❝When Superstorm Sandy hit New York City last fall, the publisher Farrar, Straus and Giroux, like most everything else, totally shut down. It was a week before power returned to FSG, according to Brian Gittis, a senior publicist. When he got back to his office, he began sorting through galleys — advance copies of books. And one of them caught him off guard.

Its cover had an illustration of the Manhattan skyline half-submerged in water.

“It was definitely sort of a Twilight Zone moment,” Gittis recalls.

The book was Odds Against Tomorrow by Nathaniel Rich. …❞

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Jeff Giles,

English is a tricky language, and no one method is universally accepted as the best way to learn it — but quite a few teachers have found that playing their students Beatles songs can help.

Article included in my e-zine on Flipboard, Language Matters

❝HOW THE GUN LAW GOT SHOT DOWN – Of all the senators who attempted Wednesday to rally support for the doomed Manchin-Toomey background check amendmentConnecticut‘s Democratic freshman representative, Chris Murphy, probably faced the greatest temptation to borrow the moral authority of the Newtown families. They are his constituents and many were present in the chamber.

He’s young – the youngest sitting senator, actually – and an early Obama supporter, given to occasional bouts of (understandably) overwrought emotional rhetoric. During his very first floor speech as a senator last week, which itself took on gun legislation, he read the names of the Newtown victims – and some of the 3,000 other victims of gun violence since 14 December – into the congressional record.

Murphy’s also been a vocal, unusually sharp critic of the National Rifle Association. He described their response to the Newtown tragedy – the “National School Shield” Program – as “unhinged”, “revolting”, and “tone deaf”, declaring himself “flabbergasted” by the group’s press conference and calling out the program for what it was: a bald ploy for further political power.❞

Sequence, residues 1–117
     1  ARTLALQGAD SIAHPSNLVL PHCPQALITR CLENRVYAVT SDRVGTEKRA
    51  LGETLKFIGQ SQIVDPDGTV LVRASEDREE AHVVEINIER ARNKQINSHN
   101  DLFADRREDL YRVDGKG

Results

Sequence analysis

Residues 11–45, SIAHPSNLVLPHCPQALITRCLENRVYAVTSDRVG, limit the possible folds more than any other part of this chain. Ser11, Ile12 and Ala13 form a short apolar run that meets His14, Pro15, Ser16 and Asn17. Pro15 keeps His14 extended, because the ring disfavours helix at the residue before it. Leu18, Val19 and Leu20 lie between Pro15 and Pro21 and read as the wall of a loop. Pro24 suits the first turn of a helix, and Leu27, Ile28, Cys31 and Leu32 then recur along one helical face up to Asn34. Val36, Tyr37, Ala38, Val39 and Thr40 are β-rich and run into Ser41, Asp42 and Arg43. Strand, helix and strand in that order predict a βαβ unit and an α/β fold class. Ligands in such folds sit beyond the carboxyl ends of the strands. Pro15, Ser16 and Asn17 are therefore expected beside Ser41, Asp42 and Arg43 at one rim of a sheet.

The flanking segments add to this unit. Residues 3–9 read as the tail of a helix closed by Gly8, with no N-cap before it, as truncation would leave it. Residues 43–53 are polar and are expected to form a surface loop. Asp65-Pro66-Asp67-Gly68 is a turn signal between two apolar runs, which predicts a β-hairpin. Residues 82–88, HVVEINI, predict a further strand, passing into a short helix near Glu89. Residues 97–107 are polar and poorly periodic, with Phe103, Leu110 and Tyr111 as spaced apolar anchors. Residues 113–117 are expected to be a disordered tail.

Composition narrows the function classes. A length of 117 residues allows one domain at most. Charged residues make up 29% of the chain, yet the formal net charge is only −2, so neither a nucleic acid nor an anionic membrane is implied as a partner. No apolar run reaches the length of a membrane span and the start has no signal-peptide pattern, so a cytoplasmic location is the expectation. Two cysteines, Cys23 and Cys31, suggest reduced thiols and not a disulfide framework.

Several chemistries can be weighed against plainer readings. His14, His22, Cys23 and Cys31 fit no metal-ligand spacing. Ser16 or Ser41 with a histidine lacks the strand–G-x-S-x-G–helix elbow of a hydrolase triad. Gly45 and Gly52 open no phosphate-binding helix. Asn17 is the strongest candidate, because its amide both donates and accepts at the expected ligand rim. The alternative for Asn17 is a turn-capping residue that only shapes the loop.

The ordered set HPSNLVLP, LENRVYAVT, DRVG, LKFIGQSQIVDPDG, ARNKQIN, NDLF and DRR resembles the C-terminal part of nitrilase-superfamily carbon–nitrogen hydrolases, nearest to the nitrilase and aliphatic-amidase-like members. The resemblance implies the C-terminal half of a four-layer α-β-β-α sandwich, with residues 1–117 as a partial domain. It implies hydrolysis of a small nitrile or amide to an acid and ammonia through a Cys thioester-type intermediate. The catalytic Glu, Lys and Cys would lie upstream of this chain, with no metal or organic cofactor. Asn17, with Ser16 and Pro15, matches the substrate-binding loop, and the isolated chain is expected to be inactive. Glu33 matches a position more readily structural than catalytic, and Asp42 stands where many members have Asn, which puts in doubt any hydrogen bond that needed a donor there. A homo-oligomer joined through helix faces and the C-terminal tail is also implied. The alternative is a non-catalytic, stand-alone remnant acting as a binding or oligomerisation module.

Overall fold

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❝Since the inception of Malaya in 1957 and the Federation of Malaysia in 1963, the political narrative of our country has been one of race. Campaigns, parties, social movements rely on appealing to ethnocentric sentiments to remain relevant.

Post-1969, this narrative hardened and played on fears of ethnic violence. To a large extent, it has reinforced barriers between Malaysians, and created a siege mentality of “us versus them”.❞

In The Malaysian Insider

❝This destructive belief that skin color makes one group of people superior to another has dominated American culture, our institutions and our narratives consciously or unconsciously for centuries.❞

Gail C. Christopher

A Little Blog of Books

‘Blindness’ by José Saramago is a fable about an unexplained mass epidemic of blindness which has unsurprisingly chaotic consequences.  The story begins with a man suddenly going blind as he is waiting in his car at some traffic lights.  Several other characters who come into contact with him also lose their sight.  The blind are quarantined in a mental asylum and left to fend for themselves but criminals soon gain control as society rapidly breaks down completely.  Only the doctor’s wife is still able to see for unknown reasons but she doesn’t reveal this fact.  Can she still help the others?